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(Fast) Food Nation: Part 1 (Stories from our trip to Japan)

(Fast) Food Nation: Part 1 (Stories from our trip to Japan)

The yen was strong and dollar was weak while we were in Japan.

Thank goodness most of our room and board was provided by my folks. My mother fed us rice, miso soup, gyoza (pan-fried Chinese dumplings), tonkatsu (breaded fried pork chops), tempura, sashimi, stewed Japanese eggplant (mmm my fav!), salad with awesome Japanese salad dressings, and such. Thanks, mom!

But we did eat out for some of the meals. The weak dollar meant we ate quite a few meals at fast food places.

The very first morning in Japan, we were staying at Sheraton Yokohama Bay (where we had a mini family reunion later in the day), and we all woke up at around 5 AM thanks to the jet lag. By 7, we were all starving, so decided to get dressed and hunt for breakfast. There were many affordable breakfast options to choose from around the hotel, but our jet-lagged brain picked McDonald’s, comfort over adventure. The Japanese McMuffin tasted fine, but different. I think it had a significantly less grease content than the American version.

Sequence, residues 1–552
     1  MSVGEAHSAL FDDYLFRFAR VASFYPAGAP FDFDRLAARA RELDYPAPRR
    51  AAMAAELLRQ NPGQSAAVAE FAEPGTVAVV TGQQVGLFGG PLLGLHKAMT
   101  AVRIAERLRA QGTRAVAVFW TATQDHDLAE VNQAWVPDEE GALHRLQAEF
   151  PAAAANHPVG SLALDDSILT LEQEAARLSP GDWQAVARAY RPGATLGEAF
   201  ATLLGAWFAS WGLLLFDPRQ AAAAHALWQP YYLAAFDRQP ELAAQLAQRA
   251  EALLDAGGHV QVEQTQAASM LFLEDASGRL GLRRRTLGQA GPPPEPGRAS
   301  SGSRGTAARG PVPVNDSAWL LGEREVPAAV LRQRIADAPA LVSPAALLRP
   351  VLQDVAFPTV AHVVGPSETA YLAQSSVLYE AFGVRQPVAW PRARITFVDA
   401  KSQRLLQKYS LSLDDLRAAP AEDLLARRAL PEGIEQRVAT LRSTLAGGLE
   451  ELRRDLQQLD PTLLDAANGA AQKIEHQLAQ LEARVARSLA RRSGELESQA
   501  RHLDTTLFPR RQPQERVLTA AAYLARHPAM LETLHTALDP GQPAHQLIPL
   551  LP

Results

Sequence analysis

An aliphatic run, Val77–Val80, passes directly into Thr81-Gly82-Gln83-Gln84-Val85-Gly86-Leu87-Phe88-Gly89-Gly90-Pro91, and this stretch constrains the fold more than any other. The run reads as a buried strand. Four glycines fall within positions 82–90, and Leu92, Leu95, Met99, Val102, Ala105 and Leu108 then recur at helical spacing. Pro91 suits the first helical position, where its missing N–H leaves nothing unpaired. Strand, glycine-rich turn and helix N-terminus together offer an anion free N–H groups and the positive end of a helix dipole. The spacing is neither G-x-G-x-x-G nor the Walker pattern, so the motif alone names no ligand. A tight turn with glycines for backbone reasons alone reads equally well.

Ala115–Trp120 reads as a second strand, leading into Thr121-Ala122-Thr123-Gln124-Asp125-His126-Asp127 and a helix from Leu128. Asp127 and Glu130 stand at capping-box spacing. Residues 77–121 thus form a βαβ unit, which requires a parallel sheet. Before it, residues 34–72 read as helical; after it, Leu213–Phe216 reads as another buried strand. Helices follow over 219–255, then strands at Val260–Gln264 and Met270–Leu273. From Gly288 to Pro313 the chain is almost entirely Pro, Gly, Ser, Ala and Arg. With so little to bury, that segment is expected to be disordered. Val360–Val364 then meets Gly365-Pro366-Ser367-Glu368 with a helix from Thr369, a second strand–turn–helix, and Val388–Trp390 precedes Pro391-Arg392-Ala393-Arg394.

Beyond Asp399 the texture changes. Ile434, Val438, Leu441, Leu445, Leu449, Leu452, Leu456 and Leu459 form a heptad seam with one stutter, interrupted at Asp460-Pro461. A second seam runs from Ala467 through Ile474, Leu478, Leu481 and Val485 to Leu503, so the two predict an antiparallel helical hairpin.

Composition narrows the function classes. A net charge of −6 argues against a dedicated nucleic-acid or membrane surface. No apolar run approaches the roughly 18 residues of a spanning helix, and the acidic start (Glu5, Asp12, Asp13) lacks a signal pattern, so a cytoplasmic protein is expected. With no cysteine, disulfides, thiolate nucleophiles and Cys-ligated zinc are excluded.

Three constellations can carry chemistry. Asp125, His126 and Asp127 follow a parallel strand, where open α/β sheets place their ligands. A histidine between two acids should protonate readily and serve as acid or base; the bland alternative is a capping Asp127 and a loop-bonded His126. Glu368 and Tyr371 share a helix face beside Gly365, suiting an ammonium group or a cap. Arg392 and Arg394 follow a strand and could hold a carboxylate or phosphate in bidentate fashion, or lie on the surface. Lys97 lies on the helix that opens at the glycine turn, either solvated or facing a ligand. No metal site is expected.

Later in the day, the family reunion was at the hotel buffet restaurant. It was very fancy, and the food was pretty good, but the buffet lacked organization. Also it lacked well-defined main courses. It had a great dessert bar complete with a chocolate fondue fountain, however.

We went to the Disney Sea at Tokyo Disney Resort one day. Manpris (capri pants for men) and black leggings for women dominate the park-going fashion in Japan despite the hot weather instead of the familiar shorts and tank tops. There are so few signs in the Japanese Disney Park you have to carry a park map in order to find a bathroom. (A side note: all of the hand dryers in the bathrooms were turned off “to conserve electricity.”) But the most striking thing about the Japanese Disney Park is its snack offerings that are overwhelmingly fat free and healthy. We could not find fat-loaded ice cream in gigantic waffle cones anywhere in the park. Here is the snack most frequently spotted in the park: a Mickey Mouse-shaped frozen apple juice bar.

Convenience stores (“konbini”) are the most important institution when it comes to inexpensive eats in japan. They are practically everywhere (there are two within a 5 minute-walk from my folks’ house) and offer a vast selection of delicious ready-to-eat items. My kids got absolutely hooked on karaagekun (teriyaki-flavored chicken nuggets) from a konbini chain called Lawson. They ate Karaagekun for breakfast, lunch and snack. I am more partial to konbini’s pastry selection, however.

(To be continued)


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